It is clear that it is “9-Man” in its present form is only available in American Chinatown neighborhoods. Even in Toisan the game has evolved. Only the emigrants are anxious to leave everything exactly as it once was. The fact that nine are instead six players on the field that the jump serve is forbidden that one can practically throw the ball at blare that is not rotated to the positions and that pike dredging is prohibited – all of which are only available here. “It is faster and wilder than the normal volleyball,” says Liang.
Quite a few people, it has become even a little too wild and fast. The 54-year-old Allen Wong, a wiry little man with an angular face and a shaved head sitting exhausted in a camping chair at the edge of the square under a tree and cools the neck with an ice pack. Wong plays the “Lo Chai” – which means as much as “old wood,” the old boys’ troupe of New York Strangers. The Lo Chai have just been swept by the much younger Brooklyn pandas from the square. “The young people have become so big and so fast, because we have no chance,” groans Wong, one of the few Lo-Chai teams who are fluent in English.
By Volleyball: Contact your roots
Wong’s action is not only an action on one’s own age, there is also a claim about how the game is changing. We hear this often from their elders this afternoon Seward Park in the young generation that is Americanized to be professionally, they say. They played for club or for college volleyball teams and used “9-Man” in the season break to keep fit. How would the game for real sports performance, the memory of what it was going really lost.
Wong plays “9-Man” since he was a small boy, his father had once taken him to his games, until he was old enough to play himself. “As a child in Chinatown you then 9-Man game, which was, of course, there was nothing else.” When you play the social life of the community took place. Here they met with other families, the children and the women got to know the men discussed their businesses. And was also nationally “9-Man” for the Sino-American identity. About tournaments such as the Seward Park learned the immigrants, as it was their compatriots in other cities, such as the conditions of life were there, what was there for work opportunities.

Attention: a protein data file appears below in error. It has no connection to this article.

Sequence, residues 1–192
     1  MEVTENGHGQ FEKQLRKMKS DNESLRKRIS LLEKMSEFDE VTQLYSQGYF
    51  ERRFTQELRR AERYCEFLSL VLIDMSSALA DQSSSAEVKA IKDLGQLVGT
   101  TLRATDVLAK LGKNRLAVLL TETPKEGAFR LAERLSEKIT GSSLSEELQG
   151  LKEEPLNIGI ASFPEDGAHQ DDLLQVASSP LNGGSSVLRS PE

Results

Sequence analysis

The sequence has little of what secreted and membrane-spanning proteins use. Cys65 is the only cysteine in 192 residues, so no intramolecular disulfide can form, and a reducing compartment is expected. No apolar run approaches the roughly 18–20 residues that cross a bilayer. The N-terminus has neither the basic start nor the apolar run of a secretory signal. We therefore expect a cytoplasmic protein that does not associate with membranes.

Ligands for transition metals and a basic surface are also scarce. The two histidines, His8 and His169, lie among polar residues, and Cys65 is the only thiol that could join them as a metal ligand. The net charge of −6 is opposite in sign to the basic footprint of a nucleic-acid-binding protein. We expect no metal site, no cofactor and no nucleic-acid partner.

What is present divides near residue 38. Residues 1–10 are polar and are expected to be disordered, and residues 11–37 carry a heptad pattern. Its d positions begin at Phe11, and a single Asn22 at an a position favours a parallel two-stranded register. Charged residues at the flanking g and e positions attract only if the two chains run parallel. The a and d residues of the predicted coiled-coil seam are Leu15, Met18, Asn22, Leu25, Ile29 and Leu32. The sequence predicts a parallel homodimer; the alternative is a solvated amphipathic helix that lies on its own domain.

For the new generation of players, the sound is moved up into the middle class and assimilated into the American mainstream, is “9-Man” is no longer so central to their cultural and social life. But they are still here in the Seward Park on the weekend to play with the old and in order to keep contact with their roots. “It reminds me of who I am,” says the 19-year-old Darien Kong who lives in the suburbs in Queens and there playing volleyball in a regular high school team.
Face to Face
Meanwhile, the shadows have become long on the green-washed asphalt of Seward Park, at the end of a scorching hot day a relieving breeze blowing from the East River up. There are only two teams in the tournament, the Toronto Connex and the Philadelphia CIA – which is to say as much as “Chinese In Action”. The players of the other teams have retrieved from the grocer at the corner beer bottles in brown paper bags and next to a serving of dumplings filled for two dollars on fast food. Along with the ever-growing crowd of people pushing them up to a few inches to the place to witness the final.
Mr. Ho’s excitement now knows no bounds. At each point he breaks into roar, matter which team. During the time outs and page breaks, he jostles so close to the team approach that his daughter, embarrassed him, has to pluck on your sleeve. All too quickly everything is over, the CIA against Connex, a squad of picked athletic young Chinese who do not stand a chance. The teams will be ceremonially face to face on, bowing and then run in a wavy line over each other to be fives.
The amount of the Essex Street runs quickly and loses itself in the chaotic bustle of Chinatown. Mr. Ho also attracts with its companion and his daughter away again, but not without gesticulating and loudly once again to talk through the highlights of the last game. “9-Man” – it was a good day for Mr. Ho